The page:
Competitiveness Strategy in Developing Countries: A Manual for Policy Analysis

By Ganeshan Wignaraja | Go to book overview

realise; as it is to learn from experience. It is important to observe that the road to productivity and competitiveness is not one-way. Developing countries should exploit the informational benefits from the existence of a plurality of institutional and organisational forms, to include clusters and (even!) SOEs (see Pitelis, 1998). Theory and history suggest there are no panaceas. Domestic CPs, privatisation and regulation should be combined in a way that aims at enhancing innovation and productivity, rather than finding an optimal state. Privatisation should be a means to an end. If not properly conceived and implemented, and in the absence of a suitable regulatory framework, its benefits could be severely compromised. Mistakes are bound to occur.


Notes
1
Industry refers in the main to manufacturing. This, however, tends to recede, given an emerging fuzziness of the boundaries between manufacturing and services.
2
Michie (1997) observes that even 'quangos' (quasi-autonomous non-governmental organisations) and 'quasi-markets', such as those created in the British National Health Service (by splitting hospitals as service providers from local authorities as purchasers of services) have contributed to additional government regulation and intervention.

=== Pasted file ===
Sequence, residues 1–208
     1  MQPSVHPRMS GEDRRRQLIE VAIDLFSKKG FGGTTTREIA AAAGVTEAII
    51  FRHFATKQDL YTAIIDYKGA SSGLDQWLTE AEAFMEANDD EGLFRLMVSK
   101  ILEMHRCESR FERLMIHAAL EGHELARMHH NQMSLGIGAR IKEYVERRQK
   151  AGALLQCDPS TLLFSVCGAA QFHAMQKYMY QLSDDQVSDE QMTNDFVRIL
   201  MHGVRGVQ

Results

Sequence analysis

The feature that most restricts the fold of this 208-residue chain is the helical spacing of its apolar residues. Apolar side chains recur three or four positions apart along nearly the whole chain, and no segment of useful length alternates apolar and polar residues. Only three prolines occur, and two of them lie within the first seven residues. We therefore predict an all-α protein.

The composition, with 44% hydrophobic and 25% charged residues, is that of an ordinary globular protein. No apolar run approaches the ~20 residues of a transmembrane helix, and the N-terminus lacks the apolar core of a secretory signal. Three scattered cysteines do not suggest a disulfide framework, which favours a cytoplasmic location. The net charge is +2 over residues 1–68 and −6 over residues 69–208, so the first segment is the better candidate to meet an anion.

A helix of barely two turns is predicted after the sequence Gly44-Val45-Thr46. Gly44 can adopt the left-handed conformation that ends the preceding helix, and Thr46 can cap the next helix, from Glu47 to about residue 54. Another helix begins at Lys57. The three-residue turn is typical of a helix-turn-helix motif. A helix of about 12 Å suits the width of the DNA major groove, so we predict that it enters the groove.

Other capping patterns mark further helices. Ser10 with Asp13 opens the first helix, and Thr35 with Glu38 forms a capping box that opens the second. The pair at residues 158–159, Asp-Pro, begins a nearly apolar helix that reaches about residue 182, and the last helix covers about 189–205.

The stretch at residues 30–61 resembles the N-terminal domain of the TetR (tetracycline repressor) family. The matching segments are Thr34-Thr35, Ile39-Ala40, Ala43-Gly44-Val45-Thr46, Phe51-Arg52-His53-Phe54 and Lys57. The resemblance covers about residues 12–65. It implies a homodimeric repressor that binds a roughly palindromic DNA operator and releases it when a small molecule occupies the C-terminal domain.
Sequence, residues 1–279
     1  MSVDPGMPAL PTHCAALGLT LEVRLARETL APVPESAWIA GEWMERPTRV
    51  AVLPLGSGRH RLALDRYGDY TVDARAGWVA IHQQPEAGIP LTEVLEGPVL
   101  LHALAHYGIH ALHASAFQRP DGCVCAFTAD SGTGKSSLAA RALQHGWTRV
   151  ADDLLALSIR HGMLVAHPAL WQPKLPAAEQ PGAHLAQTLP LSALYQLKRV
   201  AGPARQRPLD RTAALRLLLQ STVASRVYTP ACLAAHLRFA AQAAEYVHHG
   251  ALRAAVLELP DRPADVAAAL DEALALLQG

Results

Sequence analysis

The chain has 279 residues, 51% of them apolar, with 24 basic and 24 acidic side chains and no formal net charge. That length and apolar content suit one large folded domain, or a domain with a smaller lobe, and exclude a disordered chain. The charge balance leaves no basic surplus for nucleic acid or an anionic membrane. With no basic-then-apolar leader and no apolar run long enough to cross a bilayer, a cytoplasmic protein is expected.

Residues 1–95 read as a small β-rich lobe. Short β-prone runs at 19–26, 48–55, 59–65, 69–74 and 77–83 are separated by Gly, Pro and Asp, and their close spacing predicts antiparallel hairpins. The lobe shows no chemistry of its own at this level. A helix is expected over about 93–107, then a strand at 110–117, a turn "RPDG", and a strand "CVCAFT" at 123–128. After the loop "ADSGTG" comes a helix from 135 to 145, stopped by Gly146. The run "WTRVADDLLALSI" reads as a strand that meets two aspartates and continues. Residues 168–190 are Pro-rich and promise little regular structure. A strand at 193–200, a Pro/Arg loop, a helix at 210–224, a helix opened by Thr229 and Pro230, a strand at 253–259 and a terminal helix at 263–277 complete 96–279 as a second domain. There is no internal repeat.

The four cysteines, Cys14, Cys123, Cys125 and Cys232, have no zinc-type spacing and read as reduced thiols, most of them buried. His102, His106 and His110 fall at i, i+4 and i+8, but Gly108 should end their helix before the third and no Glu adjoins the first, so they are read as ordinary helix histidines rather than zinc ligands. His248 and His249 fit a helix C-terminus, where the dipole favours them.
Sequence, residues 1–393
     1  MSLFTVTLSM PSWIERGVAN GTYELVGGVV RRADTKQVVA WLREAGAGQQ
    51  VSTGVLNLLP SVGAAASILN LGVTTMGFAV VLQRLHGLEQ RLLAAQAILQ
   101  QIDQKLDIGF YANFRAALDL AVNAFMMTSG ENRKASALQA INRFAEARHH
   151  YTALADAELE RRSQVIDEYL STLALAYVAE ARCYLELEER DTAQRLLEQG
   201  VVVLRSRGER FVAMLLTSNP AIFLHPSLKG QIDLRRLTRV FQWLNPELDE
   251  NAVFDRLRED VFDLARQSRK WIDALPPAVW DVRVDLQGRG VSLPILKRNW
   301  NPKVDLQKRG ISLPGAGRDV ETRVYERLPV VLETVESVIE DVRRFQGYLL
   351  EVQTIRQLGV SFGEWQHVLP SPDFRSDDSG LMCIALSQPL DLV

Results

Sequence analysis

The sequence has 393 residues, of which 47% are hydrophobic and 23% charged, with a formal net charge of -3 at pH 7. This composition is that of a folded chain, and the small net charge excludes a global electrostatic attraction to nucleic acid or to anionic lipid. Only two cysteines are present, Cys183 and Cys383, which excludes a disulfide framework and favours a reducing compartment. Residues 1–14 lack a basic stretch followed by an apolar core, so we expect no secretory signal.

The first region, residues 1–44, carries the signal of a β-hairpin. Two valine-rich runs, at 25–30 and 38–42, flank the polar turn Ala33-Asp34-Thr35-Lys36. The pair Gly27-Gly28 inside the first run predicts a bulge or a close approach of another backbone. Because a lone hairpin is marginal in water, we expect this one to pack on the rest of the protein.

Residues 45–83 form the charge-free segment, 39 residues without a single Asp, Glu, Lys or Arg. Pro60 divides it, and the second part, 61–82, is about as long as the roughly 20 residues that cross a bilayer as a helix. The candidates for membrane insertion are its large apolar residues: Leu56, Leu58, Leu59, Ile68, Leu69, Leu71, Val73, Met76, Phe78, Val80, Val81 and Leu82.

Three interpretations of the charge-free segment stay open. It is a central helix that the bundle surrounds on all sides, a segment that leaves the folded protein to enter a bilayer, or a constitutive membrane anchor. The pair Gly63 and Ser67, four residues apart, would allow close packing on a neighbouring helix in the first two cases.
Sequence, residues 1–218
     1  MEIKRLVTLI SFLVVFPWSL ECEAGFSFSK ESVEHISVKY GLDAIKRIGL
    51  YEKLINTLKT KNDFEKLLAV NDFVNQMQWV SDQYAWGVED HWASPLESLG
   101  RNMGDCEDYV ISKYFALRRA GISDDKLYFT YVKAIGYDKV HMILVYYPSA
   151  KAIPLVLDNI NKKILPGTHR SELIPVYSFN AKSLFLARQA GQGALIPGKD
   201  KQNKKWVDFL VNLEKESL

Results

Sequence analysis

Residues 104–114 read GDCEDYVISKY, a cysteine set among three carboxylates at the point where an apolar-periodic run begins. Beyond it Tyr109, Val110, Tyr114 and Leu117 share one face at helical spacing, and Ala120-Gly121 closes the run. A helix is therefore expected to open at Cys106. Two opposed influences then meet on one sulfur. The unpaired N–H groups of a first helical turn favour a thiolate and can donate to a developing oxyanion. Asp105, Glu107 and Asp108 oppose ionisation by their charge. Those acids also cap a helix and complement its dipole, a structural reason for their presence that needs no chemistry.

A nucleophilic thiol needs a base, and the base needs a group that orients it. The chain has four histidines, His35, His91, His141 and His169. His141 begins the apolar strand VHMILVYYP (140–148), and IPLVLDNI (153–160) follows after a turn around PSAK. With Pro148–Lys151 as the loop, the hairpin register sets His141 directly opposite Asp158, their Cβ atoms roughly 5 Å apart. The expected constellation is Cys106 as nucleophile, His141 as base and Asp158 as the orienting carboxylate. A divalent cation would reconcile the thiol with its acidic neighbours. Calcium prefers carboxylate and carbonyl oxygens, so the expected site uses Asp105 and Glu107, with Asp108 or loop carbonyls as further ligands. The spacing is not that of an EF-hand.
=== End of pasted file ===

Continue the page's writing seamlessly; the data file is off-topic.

3
There can be too much contestability in public sector markets, in that it can increase the dependence of politicians, bureaucrats, etc. to pressures by organised interest groups, leading to regulatory capture.
4
This is based on the author's own experience with policy making in Greece, where he has coordinated the 'Future of Greek Industry Project', a consensus-based, bottom-up industrial strategy, orchestrated by the government and supported by the major social partners, see the section 'Summary and conclusions'.
5
This need not exclude (threats to) protectionism, either, both in support of such players and as a means of ensuring fair and open trade.

References

a
Adam, C., Cavendish, W. and Mistry, P.S. (1992), Adjusting Privatisation: Case Studies from Developing Countries, James Currey, Islington, UK, Ian Randle Publishers, Kingston, Jamaica and Heinemann Educational Books, Portsmouth, NH.
Alchian, A. and Demsetz, H. (1982), 'Production, Information Costs and Economic Organization', American Economic Review, 62(5): 888-895.
Audretch, D.B. (ed.) (1998), Industrial Policy and Competitive Advantage. Volume 1: The Mandate for Industrial Policy, Edward Elgar, Cheltenham.

b
Bacon, R. and Eltis, W. (1986), Britain's Economic Problem: Too Few Producers, Macmillan, London.
Bain, J.S. (1956), Barriers to New Competition, Harvard University Press, Cambridge, MA.
Baumol, W. (1982), 'Contestable Markets: An Uprising in the Theory of Industry Structure', American Economic Review, 82:1-15.
Baumol, W. (1993), Entrepreneurship, Management and the Structure of Pay-offs, MIT Press, Cambridge, MA.
Best, M. (1990), The New Competition: Institutions for Industrial Restructuring, Polity Press, Oxford.
Best, M. and Forrant, R. (1996), 'Creating Industrial Capacity: Pentagon-Led versus Production-Led Industrial Policies', in J. Michie and John Grieve Smith (eds), Creating Industrial Capacity, Towards Full Employment, Oxford University Press, Oxford.

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